Make Your Crankbaits Bleed

We've all been around marketing hype. I can remember various television commercials advertising crazy looking lures and found myself asking, "Does that really work"? Maybe you've asked the samething about red treble hooks on crankbaits and topwater lures.


There is a degree of science behind the idea that red attracts predator fish. Blood just happens to be red, and if a predator sees bleeding prey, instinct kicks in to tell them that's an easy meal. Now you already may be asking, "Isn't red only visible so far in the water column?" You are wise to ask that because the answer is, yes. The deeper you go in the water column, the less red becomes visible. In fact, science tells us the color red becomes completely invisible at a certain point.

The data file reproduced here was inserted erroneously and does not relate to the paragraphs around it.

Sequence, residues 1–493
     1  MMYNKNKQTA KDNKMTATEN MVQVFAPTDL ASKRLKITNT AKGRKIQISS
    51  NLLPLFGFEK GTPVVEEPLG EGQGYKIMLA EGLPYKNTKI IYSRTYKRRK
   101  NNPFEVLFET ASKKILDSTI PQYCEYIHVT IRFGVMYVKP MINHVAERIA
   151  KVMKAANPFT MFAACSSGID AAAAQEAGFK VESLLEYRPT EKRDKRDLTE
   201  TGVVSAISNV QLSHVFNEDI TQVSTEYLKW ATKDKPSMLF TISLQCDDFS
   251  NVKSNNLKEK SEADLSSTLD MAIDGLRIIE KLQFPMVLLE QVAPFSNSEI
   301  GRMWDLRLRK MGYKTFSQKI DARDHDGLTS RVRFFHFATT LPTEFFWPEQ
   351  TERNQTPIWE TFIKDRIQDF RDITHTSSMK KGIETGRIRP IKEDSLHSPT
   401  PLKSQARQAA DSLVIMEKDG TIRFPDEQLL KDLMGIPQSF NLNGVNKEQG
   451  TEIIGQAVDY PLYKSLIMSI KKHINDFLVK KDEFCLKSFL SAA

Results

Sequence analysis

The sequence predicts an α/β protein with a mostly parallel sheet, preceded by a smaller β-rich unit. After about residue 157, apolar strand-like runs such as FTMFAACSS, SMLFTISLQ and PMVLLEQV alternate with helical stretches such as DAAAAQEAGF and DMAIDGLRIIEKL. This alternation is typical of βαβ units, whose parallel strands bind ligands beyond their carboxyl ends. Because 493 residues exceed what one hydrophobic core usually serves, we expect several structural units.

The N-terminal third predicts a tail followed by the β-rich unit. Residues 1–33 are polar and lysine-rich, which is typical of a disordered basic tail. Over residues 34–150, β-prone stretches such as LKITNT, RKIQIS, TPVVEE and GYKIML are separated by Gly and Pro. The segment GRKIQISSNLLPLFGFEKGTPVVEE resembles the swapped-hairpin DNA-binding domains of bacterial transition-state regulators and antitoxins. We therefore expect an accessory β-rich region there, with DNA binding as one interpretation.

Therefore, using red treble hooks in lures that dive much deeper than five feet won't make much of a difference for you. However, five feet and above, a subtle flash of red can make the difference when fishing is tough. Anglers will often swap out the front treble hook for a red one and leave the back ones alone. Fish will key in on the red color, and it's often better to have them attack the front as opposed to the back; this helps landing percentages.

Some companies/brands even install red treble hooks to their crankbaits like the one pictured, so you don't have to install them yourself. So before you chalk this one up to marketing hype, give it a try. You may be surprised, like I was.


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